What do you know about preprocessing for Mixed Integer Programming (MIP) problems?
By definition, we have that:
“Presolving is a way to transform the given problem instance into an equivalent instance that is (hopefully) easier to solve.” (see, chap. 10 in Tobias Achterberg’s Thesis)
All I know is that every MIP solver has a Presolve parameter, which can take different values. For instance, Gurobi has three possible values for that parameter (you can find more details on the Gurobi online manual):
- Presolve=0: no presolve at all
- Presolve=1: standard presolve
- Presolve=2: aggressive presolve: “More aggressive application of presolve takes more time, but can sometimes lead to a significantly tighter model.”
However, I can’t tell you the real impact of that parameter on the overall solution process of a MIP instance. Thus, here we go: let me write a new post that addresses this basic question!
How to measure the Impact of Preprocessing?
To measure the impact of preprocessing we need four ingredients:
- A MIP solver
- A Data set
- Computer power
- A method to measure the impact of preprocessing
Changing one of the ingredients could give you different results, but, hopefully, the big picture will not change too much.
As a solver, I have selected the current release of Gurobi (i.e., version 5.6.2). For the data set, likely the most critical ingredient, I have used the MIPLIB2003, basically because I had already all the 60 instances on my server. For running the test I have used an old cluster from the Math Department of University of Pavia.
The measure of impact I have decided to use (after considering other alternatives) is quite conservative: the fraction of closed instances as a function of runtime.
During the last weekend, I have collected a bunch of logs for the 60 instances of the MIPLIB2003, and, then, using RStudio, I have draw the following cumulative plot:
The picture is as simple as clear:
Preprocessing does always pay-off and permits to solve around 10% more of the instances within the same time limit!
In this post, I will not discuss additional technical details, but I just want to add two observations:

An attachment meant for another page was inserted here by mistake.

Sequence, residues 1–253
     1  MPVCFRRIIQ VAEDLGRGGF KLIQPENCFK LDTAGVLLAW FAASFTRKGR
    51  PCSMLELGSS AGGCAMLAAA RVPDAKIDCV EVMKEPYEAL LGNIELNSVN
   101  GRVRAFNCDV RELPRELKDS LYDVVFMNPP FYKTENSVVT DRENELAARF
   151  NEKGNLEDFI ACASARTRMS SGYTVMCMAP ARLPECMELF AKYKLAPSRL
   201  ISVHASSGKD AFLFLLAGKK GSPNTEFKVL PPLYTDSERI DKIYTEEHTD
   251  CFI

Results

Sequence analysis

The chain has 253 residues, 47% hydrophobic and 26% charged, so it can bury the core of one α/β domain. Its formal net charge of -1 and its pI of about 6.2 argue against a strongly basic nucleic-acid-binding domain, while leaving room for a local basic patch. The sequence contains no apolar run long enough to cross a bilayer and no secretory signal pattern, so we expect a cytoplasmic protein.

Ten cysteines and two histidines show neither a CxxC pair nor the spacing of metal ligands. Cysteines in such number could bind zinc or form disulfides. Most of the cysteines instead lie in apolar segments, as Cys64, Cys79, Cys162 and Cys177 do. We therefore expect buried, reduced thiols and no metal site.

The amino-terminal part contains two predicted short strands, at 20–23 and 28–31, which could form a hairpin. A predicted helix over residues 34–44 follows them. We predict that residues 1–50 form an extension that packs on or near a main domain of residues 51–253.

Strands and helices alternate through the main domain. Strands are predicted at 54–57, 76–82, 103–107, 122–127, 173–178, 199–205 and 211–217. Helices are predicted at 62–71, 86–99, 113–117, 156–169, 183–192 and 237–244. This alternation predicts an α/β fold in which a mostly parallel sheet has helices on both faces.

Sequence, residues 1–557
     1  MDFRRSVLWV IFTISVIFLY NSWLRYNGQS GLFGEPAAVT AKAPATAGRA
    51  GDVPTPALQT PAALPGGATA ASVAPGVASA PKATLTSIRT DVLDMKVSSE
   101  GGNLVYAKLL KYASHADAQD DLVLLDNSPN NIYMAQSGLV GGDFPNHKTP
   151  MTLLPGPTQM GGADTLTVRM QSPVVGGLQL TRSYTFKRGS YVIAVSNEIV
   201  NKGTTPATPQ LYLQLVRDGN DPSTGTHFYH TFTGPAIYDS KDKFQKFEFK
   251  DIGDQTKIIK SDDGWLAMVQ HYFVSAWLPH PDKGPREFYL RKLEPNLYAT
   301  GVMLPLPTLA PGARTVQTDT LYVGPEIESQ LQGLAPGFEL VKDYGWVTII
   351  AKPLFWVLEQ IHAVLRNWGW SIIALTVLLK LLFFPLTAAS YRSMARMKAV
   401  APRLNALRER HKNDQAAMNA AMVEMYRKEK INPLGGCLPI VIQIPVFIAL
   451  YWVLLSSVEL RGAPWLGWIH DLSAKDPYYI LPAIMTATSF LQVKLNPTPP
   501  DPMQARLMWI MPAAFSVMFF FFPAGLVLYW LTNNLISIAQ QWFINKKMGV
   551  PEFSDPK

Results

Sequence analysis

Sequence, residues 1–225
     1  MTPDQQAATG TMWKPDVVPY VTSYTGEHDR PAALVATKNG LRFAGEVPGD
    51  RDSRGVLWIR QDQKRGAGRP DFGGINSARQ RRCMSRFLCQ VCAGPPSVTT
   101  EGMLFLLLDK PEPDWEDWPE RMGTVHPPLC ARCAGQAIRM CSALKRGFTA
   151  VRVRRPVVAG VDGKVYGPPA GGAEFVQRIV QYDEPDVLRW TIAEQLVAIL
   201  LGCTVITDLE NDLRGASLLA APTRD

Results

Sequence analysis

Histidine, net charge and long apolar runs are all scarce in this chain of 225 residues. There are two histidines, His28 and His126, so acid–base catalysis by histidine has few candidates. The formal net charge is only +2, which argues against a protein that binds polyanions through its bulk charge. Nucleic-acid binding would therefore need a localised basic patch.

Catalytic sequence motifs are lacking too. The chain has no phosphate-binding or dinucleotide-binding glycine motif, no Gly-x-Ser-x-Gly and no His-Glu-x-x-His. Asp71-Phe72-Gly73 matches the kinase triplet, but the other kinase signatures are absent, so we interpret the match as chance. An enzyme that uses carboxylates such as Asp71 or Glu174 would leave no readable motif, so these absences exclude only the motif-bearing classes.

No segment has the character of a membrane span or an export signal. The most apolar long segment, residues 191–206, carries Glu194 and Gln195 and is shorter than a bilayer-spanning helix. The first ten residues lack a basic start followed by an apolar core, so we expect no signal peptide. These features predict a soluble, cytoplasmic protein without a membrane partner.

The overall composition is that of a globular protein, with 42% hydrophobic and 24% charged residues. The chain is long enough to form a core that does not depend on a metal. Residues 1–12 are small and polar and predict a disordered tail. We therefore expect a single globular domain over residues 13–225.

- Standard preprocessing has removed in average 20.3% of nonzero entries of the original model, while aggressive preprocessing has removed 22.5% of nonzero entries, only a few more.
- The average MIP gaps as reported by Gurobi at timeout are: no-presolve = 13.44%, standard = 9.08%, and aggressive = 11.02%.
Likely, the aggressive presolve setting has been decided by Gurobi using a different, much larger, and customer-oriented dataset.
Indeed, preprocessing is a very important feature of a modern MIP solver as Gurobi. Investing few seconds before starting the branch-and-bound MIP search can save a significant amount of runtime. However, a more aggressive preprocessing strategy does not seem to payoff, in average, on the MIPLIB2003.
Unfortunately, preprocessing is somehow disregarded from the research community. There are few recent papers dealing with preprocessing (“ehi! if you do have one, please, let me know about it, ok?”). Most of papers are from the 90s and about Linear Programming, i.e., without integer variables, which mess up everything.
Here a list of basic questions I have in mind:
- If cutting planes are used to approximate the convex hull of an Integer Problem, preprocessing for what is used for, really?
- Preprocessing techniques have been designed considering a trade-off between efficiency and efficacy (see, MWP Savelsbergh, Preprocessing and Probing Techniques for MIP problems, Journal of Computing, vol6(4) 445-454, 1995). With recent progress in software and hardware technologies, can we revise this trade-off in favor of efficacy?
- Preprocessing techniques used for Linear Programming are effective when applied to LP relaxations of Integer Problems?
- Should preprocessing sparsify the coefficient matrix?
- Using the more recent MIPLIB2010 should we expect much different results?
- Which is a better method to measure the impact of preprocessing on a collection of instances?
If you want to share your idea, experience, or opinion, with respect to these questions, you could comment below or send me an email.
Now, to conclude, my bonus question:
Do you have any new smart idea for improving preprocessing?
Well, if you had, I guess you would at least write a paper about, but, do not go for a patent, please!